Just aft of the head are these initial set of cooling fins (there are more around the throat area):
They seem to be reasonably functional and not just for aesthetics. In a test with only an intermittent mild breeze from a nearby windows and ambient temp @ 77.6F, the head was 79F at start. The fins reached 97F after three minutes.
While Mjölnir bears an inscription on the side: "Whosoever holds this hammer, if he be worthy, shall possess the power of Thor.", we are now in the 21st century where laser engravings are commonplace and was employed to carve precisely the manufacturer's name, model and serial number on the flat surface below the cooling fins:
The light respects design symmetries for the most part. The logo on the battery tube is an exception since it's not centered with the head:
Regardless of the position I place the logo when I start threading, it'll always end up on the side opposite the main logo below the fins:
Likewise, aligning the tailcap is the same affair, although in this case, it'll ultimately affect how you can grip the light (more on this later):
Again, symmetrephobes would feel right at home but this will bug those who have perfect symmetry OCD.
The XT20 comes with a tactical ring that is not installed when shipped. It's not the typical screw-on type so I was confounded as to the proper installation given the manual wasn't very clear either. To clarify, the ring can be installed in either direction; flatside towards head (FTH) which is usually the normal way, or reversed with flatside towards tail (FTT):
In either case, the original red battery tube o-ring must first be removed and an additional o-ring installed to fill the gap between the tube and the rim of the tailcap, but the question was which o-ring to use?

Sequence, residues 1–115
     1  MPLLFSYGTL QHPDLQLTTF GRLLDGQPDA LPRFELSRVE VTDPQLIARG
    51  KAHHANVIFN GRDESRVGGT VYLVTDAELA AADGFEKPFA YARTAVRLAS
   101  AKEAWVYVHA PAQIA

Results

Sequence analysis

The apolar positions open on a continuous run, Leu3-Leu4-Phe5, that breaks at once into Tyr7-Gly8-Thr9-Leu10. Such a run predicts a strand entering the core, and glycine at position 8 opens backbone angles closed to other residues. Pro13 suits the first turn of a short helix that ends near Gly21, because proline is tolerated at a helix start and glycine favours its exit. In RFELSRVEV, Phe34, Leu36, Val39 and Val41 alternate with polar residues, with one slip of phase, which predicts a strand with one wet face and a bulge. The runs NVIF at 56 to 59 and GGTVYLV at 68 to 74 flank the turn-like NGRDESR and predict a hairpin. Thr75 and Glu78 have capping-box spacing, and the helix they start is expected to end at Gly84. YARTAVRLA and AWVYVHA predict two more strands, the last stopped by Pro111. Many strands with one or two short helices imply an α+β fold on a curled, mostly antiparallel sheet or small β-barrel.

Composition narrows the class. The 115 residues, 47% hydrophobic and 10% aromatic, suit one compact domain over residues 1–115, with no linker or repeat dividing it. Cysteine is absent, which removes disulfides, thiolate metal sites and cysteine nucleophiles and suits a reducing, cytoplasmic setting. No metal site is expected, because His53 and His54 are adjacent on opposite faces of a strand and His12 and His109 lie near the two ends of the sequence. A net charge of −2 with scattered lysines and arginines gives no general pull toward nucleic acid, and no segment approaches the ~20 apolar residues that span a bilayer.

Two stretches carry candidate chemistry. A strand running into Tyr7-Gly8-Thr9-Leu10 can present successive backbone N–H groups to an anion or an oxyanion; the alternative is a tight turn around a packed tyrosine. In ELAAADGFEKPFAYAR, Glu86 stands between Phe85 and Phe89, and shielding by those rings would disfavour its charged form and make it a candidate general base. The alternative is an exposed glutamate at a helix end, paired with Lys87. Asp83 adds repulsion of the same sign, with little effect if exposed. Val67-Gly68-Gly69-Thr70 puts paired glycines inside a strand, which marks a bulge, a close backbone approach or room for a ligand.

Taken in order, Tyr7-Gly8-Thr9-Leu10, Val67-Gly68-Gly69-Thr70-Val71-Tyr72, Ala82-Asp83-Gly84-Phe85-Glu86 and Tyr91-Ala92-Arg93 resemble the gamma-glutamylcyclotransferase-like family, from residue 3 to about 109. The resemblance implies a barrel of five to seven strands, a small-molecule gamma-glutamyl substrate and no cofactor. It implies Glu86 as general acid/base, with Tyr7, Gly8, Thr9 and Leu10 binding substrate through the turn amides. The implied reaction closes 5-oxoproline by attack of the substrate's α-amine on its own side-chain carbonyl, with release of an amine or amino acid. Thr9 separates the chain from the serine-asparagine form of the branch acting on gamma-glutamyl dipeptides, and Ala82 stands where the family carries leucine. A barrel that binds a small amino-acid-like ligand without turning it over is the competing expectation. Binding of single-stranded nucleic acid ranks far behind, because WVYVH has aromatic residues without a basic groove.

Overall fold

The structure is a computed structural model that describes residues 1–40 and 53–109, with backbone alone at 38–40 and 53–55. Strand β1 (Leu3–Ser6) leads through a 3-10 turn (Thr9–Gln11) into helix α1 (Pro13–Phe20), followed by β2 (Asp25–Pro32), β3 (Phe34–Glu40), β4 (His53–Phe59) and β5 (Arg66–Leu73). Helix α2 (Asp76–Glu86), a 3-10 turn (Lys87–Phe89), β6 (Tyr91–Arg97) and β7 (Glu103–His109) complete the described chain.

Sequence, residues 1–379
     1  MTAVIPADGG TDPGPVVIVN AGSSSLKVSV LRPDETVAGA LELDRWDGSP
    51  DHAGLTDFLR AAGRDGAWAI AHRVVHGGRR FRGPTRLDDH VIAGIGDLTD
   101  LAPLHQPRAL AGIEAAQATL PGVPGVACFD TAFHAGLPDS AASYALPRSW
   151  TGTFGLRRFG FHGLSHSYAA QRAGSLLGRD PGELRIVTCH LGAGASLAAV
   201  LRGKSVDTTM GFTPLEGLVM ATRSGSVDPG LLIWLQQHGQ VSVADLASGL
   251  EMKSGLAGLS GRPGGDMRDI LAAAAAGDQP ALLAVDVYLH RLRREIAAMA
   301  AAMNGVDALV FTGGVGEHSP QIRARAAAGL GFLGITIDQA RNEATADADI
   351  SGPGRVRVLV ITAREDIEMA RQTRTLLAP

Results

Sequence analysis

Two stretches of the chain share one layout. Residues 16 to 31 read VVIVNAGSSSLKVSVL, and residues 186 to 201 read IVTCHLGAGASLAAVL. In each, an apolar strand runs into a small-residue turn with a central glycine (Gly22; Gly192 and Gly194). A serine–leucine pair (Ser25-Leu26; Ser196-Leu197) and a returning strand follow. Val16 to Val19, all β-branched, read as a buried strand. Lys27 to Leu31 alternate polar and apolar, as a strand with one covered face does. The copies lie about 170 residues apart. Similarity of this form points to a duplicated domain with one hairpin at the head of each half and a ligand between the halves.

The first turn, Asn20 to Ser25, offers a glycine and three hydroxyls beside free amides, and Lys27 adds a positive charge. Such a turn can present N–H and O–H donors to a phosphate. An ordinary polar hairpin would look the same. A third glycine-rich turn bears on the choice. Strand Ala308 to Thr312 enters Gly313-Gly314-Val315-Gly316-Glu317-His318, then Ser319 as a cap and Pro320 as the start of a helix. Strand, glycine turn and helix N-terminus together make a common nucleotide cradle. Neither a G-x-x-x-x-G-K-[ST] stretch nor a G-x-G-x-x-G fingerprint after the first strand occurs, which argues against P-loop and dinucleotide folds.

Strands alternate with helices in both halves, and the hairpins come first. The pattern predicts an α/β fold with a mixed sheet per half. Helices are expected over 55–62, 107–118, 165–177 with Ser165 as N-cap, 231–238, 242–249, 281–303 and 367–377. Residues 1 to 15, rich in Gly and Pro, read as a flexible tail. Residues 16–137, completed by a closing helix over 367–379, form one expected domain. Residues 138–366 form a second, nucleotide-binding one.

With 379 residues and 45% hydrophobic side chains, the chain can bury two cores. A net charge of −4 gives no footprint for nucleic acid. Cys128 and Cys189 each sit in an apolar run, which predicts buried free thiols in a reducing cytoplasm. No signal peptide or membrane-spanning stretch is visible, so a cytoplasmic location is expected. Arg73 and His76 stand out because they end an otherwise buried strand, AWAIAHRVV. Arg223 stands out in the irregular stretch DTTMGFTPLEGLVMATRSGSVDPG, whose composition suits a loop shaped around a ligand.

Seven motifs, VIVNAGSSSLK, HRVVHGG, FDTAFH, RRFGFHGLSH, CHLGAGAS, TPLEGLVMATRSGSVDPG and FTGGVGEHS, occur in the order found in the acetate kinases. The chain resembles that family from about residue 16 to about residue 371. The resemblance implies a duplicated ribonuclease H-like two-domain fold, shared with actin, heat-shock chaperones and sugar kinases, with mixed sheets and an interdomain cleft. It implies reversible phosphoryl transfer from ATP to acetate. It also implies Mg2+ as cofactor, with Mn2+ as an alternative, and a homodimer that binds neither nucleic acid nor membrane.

Given the red ones seem to be replacements for the originals on the battery tube, I rationalized it had to be the single black one. The problem is if you install it FTH, there is very little room left to install the original red battery tube o-ring:
While installing it FTT allows much easier reinstallation of the red battery tube o-ring, but leaves just a slight gap and also causes it to be free spinning, of which I'd be concerned with the anodizing over the long run:
The rubber tailcap cover protrudes just slightly beyond the tailcap rendering the light non-tailstandable. However, even if it didn't, there is little material to make it stable anyways. I also noticed that it is not perfectly parallel to the edge of the tailcap which might be due to the way it's installed (more later):
The XT20 does not feature squared threads, however the threads are machined precisely and well greased so I had no problems when screwing on the head or tailcap nor did I encounter any grittiness. NEW 9/10: They are also anodized so you can lock it out by unscrewing either end at least 1/4 of a turn. Two AW2600's will sit just flush with the end of the tube while a pair of AW IMR's are a little shorter and sit a bit recessed:
The XT20 features springs in both the head and tail (in which case it's covered by a cap):
Disassembling the tailcap reveals the buttons and electronics (left shot is the side facing the negative side of battery and right is the side facing towards tailcap cover):
Given the two metal prongs that extend out of either end of the tailcap, the cover must be precisely installed to align w/them as well as the underlying buttons: